His existence was doubtful, but, if He should be,
He had been but a God of vindiction to me.

So I vowed that henceforward the path that I trod
Should be chosen by me, and not ordered by God;
And relief seemed to greet my resolve as I lay,
All in sleeplessness, waiting the breaking of day.

But as quiet I lay, and thought o'er my decision,
All my wakefulness passed, and I saw in a vision,
By my side standing closely, an Angel of Light,
Clothed in shining apparel resplendently bright.

And I lay there all trembling in fear as I lay,
Till with beckoning finger he led me away;
Then I rose and went forth in the darkness of night,
And, still trembling, I followed that Angel of Light.

And I followed him on till he paused in his flight
Where a Christian lay sleeplessly passing the night;
And I heard him repeat as he lay on his bed,
"My paths are divided, Lord, which shall I tread?"

And I saw that the one led to glory and fame,
While the other fulfilled not his heart-cherished aim;
But the scales of mortality darkened his eye,
And the thing I saw plainly he could not descry.

Then the Angel breathed o'er him, and light seemed to break
O'er his soul, and he saw then the path he should take.
Then his spirit was eased, and sweet sleep o'er him came,
For he thought this would lead him to glory and fame.

But I saw that the path he had chosen that day
Would lead him from glory and fame far away;
But I saw, too, that, were he not led in this path,
The love of the world would have shaken his faith.

For his pride, swelling high in the glory of gain,
Would have led him from God to things sinful and vain.
But his trouble would lead him to God now for rest;
And I saw that the plan of his Maker was best.

Then the Angel went forth, and I followed him still,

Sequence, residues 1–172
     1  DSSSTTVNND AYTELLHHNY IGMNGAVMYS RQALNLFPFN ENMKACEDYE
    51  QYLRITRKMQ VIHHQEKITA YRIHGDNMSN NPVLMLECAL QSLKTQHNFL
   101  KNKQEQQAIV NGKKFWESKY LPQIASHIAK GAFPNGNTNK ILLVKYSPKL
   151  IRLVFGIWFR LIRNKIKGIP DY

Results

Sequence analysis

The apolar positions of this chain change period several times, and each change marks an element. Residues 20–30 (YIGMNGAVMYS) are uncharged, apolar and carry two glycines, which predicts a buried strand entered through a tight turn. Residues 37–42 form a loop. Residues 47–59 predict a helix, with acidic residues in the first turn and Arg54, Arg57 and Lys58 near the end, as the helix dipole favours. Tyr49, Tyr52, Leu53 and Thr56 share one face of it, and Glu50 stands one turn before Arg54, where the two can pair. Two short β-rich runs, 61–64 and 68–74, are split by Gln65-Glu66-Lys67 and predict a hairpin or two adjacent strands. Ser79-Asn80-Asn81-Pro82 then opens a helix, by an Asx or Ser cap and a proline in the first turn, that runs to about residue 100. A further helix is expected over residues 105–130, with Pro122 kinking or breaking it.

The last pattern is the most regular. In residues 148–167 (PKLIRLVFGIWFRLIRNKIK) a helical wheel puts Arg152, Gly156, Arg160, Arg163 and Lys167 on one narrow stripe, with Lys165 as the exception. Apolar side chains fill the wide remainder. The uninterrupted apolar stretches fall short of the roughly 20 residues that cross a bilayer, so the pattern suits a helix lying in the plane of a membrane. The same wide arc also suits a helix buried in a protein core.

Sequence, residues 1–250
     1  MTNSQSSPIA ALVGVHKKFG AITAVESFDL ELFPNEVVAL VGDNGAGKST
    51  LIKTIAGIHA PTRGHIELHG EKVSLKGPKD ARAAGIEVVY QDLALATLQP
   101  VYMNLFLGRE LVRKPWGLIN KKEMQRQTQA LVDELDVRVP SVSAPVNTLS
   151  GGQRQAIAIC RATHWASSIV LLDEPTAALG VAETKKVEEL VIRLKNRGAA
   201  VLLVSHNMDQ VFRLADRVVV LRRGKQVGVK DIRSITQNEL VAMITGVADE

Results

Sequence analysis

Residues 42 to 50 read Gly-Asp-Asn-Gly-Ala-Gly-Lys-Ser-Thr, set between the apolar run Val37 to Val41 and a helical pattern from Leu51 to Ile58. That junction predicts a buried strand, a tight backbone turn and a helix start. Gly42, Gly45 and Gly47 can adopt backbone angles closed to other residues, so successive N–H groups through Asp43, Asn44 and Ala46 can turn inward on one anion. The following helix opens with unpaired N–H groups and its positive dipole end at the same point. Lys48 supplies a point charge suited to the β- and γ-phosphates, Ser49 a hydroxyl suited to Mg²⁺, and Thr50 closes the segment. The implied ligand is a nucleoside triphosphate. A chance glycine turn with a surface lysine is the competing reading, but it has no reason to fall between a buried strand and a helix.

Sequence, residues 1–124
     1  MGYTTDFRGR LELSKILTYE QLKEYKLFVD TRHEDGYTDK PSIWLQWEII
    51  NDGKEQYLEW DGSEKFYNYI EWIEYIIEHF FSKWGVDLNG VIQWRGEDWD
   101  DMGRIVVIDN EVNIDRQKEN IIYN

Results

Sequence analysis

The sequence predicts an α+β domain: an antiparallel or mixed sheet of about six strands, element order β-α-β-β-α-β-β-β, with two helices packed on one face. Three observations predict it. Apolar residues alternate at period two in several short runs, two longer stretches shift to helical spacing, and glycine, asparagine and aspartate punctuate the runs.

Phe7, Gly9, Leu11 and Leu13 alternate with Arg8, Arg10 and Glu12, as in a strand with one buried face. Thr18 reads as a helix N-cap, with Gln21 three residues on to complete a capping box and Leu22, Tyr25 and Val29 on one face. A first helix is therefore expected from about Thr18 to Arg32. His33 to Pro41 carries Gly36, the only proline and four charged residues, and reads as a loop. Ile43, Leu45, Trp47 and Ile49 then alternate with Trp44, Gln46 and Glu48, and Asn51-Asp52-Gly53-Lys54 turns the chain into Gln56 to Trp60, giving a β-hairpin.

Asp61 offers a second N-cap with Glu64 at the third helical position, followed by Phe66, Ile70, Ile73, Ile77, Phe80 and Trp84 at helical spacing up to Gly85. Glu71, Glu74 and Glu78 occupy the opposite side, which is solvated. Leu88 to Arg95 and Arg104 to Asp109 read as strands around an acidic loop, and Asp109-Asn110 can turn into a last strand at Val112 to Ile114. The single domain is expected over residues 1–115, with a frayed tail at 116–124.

Thus impelled by the force of his Heavenly will,
Till he stayed where two lovers stood breathing their vows,
With the fondness that love and deep passion arouse.

Then he put forth his hand, and he pointed in wrath;
And the fever-fiend rose with a horrible laugh.
But the man felt him not as he poisoned his blood,
And the woman saw nought as still smiling she stood.

But I knew that that meeting was surely their last,
For the shadow of death on the man was now cast.
And my heart could but pity the woman, whose pain
I yet knew would redound to her infinite gain.

For deception and falsity deep in the heart
Of the man were writ large, and there truth had no part;
And the pain of her mourning was nought when compared
With the agony he would have caused her, if spared.

Quickly onward then hasted the Angel of God,
And I still followed close in the steps that he trod;
And I saw, when his flight was arrested again,
That we stood where an infant lay tossing in pain.

And the mother, with tear-laden eyes, kneeling there,
Sought relief from her trouble in heart-broken prayer,
As she cried unto God, in a piteous tone,
That He would not deny her the life of her son.

And the Angel himself breathed a sorrowful sigh,
And I thought that a tear glistened bright in his eye,
As he stretched forth his hand, and commanded the soul
Of the child to ascend to its Heavenly goal.

Then I heard a loud cry of distress on the air,
And I saw the lone mother lie grief-stricken there;
And the tears of compassion flowed fast from my eyes,
Though I knew that God's action was kindly and wise.

For disease on the child had imprinted its stain,
And his life would have been but a long-endured pain,
Had his Father not early exerted His might,
And thus called the young soul to the Kingdom of Light.

Then the scene seemed to melt in the darkness away,
And again on the couch in my chamber I lay.
And the Angel of God by my side again stood;
And he gazed on me sadly and said, "God is good."

Then I saw him no more, but with morn I awoke
And remembered the words that the Angel had spoke;
And the scenes of the vision, repictured again,
Passed before me, and brought me a balm for my pain.

For I knew that my God had not called me in vain
To temptation and trial, and I would not complain;
But with gladness I went forth anew to the strife,
Knowing now that my Father was guiding my life.